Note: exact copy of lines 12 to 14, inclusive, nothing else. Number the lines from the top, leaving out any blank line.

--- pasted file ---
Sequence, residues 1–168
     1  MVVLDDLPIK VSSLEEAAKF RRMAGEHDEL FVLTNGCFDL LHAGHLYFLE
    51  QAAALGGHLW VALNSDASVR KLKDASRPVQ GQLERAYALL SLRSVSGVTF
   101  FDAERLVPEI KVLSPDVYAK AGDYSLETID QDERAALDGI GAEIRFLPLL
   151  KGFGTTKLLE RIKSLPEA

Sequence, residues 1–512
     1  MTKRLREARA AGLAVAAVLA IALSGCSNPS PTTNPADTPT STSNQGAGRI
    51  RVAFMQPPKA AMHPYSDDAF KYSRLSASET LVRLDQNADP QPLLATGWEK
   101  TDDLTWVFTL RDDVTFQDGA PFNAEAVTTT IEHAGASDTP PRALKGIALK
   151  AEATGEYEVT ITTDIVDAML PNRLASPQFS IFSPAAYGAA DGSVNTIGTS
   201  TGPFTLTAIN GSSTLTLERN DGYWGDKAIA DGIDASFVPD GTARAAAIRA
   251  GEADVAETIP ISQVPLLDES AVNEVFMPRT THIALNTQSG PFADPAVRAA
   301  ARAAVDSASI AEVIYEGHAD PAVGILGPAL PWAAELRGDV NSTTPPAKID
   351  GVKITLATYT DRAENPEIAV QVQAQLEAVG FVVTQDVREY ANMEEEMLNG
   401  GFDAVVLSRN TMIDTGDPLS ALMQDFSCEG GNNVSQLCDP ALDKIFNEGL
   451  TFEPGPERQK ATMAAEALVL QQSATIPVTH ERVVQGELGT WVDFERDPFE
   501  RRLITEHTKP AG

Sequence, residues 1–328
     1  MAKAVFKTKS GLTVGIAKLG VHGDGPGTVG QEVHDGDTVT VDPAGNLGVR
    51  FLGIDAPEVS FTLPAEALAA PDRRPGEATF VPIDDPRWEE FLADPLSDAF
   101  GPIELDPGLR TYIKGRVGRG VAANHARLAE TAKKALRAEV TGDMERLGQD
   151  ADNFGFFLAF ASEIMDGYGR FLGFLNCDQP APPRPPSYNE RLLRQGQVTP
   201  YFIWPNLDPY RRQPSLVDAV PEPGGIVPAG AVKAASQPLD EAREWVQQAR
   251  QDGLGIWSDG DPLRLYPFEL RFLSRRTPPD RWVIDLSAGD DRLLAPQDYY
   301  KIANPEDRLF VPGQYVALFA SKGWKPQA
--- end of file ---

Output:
   251  GEADVAETIP ISQVPLLDES AVNEVFMPRT THIALNTQSG PFADPAVRAA
   301  ARAAVDSASI AEVIYEGHAD PAVGILGPAL PWAAELRGDV NSTTPPAKID
   351  GVKITLATYT DRAENPEIAV QVQAQLEAVG FVVTQDVREY ANMEEEMLNG